Louis Sachar knows a few things about writing for kids. His first book, Sideways Stories From Wayside School, came out in 1978 — and the wacky collection is still in print.

His 1999 Newbery Medal winner, Holes, centers on a boy wrongly confined to a juvenile detention facility. It's mysterious and creepy, and it's still flying off the shelves.

So if he says kids will love a scary eco-bioterror-mystery-thriller-comedy, you just might trust him.

Eggs are becoming more expensive and scarce recently because so many chickens have died from avian flu. So bakers, in particular, are looking for cheaper ingredients that can work just as well. (This story previously aired on All Things Considered on July 22, 2015.)

Copyright 2015 NPR. To see more, visit http://www.npr.org/.

Copyright 2015 NPR. To see more, visit http://www.npr.org/.

Greg Louganis is the best diver of his generation — perhaps the best the world has ever seen. The four-time gold medalist is the only man to ever sweep the diving events in consecutive Olympics.

The new documentary Back on Board, by director Cheryl Furjanic and producer Will Sweeney, contrasts that success with the inner turmoil Louganis experienced rising to stardom at such a young age.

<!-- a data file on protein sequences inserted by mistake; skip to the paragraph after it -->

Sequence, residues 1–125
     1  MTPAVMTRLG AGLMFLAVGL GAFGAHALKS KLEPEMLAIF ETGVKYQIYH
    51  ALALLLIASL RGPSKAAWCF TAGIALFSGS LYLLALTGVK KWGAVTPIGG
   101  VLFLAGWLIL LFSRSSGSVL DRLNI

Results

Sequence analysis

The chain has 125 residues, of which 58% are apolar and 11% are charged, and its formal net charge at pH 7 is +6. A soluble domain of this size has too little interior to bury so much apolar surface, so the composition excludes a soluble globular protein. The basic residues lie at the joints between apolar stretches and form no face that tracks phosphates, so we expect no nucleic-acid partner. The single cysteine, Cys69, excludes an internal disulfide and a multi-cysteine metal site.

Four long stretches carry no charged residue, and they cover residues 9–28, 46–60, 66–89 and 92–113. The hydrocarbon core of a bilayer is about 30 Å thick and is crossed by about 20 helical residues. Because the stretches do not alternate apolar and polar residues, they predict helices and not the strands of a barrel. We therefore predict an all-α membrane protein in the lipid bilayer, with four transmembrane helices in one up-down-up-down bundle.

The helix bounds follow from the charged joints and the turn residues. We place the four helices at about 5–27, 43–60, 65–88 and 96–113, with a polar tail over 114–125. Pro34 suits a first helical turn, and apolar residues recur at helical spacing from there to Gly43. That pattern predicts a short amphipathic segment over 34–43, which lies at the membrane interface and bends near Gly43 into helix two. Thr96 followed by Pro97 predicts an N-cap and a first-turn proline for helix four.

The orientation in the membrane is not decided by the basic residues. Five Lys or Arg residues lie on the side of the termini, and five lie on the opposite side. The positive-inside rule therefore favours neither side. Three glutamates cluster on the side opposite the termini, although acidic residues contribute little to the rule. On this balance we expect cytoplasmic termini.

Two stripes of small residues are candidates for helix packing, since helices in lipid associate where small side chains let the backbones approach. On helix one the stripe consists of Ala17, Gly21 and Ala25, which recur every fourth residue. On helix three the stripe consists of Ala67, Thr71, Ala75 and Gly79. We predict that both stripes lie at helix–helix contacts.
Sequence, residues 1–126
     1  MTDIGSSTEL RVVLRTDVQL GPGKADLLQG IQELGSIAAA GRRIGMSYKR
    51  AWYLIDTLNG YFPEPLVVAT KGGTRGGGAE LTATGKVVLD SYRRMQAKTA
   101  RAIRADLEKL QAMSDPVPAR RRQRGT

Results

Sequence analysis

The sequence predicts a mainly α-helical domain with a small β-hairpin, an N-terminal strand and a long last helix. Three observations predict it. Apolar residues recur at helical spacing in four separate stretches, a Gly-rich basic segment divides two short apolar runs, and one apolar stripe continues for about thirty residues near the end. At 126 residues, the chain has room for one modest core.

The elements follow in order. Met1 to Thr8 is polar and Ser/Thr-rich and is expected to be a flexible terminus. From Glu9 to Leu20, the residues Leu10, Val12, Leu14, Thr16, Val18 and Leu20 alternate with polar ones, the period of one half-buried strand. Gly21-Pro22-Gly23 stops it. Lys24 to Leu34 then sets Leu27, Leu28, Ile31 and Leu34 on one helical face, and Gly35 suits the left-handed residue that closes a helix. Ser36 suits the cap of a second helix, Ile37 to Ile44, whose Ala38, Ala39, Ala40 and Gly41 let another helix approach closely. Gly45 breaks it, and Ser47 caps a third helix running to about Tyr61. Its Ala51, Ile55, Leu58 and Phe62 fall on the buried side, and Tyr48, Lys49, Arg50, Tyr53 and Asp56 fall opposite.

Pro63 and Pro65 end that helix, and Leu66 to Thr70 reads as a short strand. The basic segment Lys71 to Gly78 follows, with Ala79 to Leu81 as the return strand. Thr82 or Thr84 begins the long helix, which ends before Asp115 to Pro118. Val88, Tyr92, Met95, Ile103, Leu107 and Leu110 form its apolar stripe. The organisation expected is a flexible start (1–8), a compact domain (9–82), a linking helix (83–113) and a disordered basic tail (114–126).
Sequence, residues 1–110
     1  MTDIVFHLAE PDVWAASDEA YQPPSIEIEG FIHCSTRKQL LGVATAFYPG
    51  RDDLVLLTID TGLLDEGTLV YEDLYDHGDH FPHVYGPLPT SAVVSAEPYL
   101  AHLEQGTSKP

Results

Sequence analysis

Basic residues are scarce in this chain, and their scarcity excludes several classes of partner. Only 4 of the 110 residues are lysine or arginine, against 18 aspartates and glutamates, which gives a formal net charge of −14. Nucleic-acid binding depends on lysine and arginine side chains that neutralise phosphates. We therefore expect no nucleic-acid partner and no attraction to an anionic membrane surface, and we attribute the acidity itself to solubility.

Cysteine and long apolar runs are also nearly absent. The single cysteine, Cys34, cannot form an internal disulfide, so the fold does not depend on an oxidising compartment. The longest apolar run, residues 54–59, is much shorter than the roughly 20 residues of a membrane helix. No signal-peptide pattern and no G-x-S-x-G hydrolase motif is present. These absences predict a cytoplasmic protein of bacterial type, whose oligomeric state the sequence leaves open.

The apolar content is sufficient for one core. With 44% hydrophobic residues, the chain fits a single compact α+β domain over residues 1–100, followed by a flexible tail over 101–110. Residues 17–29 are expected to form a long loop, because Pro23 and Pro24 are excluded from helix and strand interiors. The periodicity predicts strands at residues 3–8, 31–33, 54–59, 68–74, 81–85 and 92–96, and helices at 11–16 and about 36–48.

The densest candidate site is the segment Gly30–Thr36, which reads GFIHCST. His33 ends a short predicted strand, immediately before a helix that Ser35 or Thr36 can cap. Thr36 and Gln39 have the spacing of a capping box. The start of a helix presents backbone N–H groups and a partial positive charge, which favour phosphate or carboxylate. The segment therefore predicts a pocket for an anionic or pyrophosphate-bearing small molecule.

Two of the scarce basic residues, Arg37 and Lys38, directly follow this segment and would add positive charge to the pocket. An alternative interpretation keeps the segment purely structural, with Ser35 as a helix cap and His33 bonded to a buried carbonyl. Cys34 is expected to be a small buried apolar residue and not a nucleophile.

Copyright 2015 NPR. To see more, visit http://www.npr.org/.

According to a review of the results of 12,000 blood tests, the world of track and field has a doping problem that is as big as the one cycling had at the height of Lance Armstrong's popularity.

That's according to the Sunday Times and Germany's public broadcaster ARD/WDR, which obtained a leak of documents with the bloodwork of 5,000 athletes.

Thomas Jefferson's vision of democracy has endured in one of the defining documents of U.S. history. But the 607 slaves who toiled in his Monticello estate have left few traces to remember them by.

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Walter Edgar's Journal

The Story of Catholic Hill

--- All Stations: Fri, Jul 31, 12pm | News Stations: Sun, Aug 2, 4pm --- (Originally broadcast 12/15/14) - The story of Catholic Hill in the Colleton County town of Ritter serves as a metaphor for black Catholics in South Carolina. While the Catholic Hill experience is unique in many respects, it is emblematic of the struggle for the faith in the way that the people of Catholic Hill maintained their identity despite decades of hardship and neglect. Professor Allison McCletchie, of Claflin University, is leading a small team that is creating an ethnography of Catholic Hill. She joins Dr. Edgar along with Catholic Hill native Davetta Greene to talk about the community's past and present.
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